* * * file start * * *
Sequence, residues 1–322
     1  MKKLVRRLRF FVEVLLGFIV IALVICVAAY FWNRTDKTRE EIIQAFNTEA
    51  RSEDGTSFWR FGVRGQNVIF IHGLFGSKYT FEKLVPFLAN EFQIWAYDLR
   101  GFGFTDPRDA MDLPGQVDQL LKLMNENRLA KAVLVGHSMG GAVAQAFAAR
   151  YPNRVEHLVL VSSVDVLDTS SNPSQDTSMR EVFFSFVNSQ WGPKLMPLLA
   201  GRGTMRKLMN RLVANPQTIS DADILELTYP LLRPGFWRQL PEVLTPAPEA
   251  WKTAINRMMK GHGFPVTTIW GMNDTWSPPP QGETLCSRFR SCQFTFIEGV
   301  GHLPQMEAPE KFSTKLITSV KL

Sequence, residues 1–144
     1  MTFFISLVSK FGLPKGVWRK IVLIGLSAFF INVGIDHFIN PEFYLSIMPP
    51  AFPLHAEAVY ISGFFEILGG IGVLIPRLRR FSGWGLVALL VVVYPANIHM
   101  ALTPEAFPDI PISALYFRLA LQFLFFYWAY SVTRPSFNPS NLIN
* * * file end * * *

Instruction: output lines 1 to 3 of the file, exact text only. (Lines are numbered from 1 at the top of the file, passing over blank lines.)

Sequence, residues 1–322
     1  MKKLVRRLRF FVEVLLGFIV IALVICVAAY FWNRTDKTRE EIIQAFNTEA
    51  RSEDGTSFWR FGVRGQNVIF IHGLFGSKYT FEKLVPFLAN EFQIWAYDLR